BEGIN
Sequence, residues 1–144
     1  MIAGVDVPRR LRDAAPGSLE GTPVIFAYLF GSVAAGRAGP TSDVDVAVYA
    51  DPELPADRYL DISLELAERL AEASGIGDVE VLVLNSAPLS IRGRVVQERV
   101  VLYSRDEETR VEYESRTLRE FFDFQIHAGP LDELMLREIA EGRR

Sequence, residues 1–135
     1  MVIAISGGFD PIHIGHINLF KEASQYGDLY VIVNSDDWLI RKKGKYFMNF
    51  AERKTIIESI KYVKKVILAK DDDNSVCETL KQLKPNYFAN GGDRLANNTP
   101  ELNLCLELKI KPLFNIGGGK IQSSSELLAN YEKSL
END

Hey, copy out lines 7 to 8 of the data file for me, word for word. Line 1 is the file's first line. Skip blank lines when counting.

    51  AERKTIIESI KYVKKVILAK DDDNSVCETL KQLKPNYFAN GGDRLANNTP
   101  ELNLCLELKI KPLFNIGGGK IQSSSELLAN YEKSL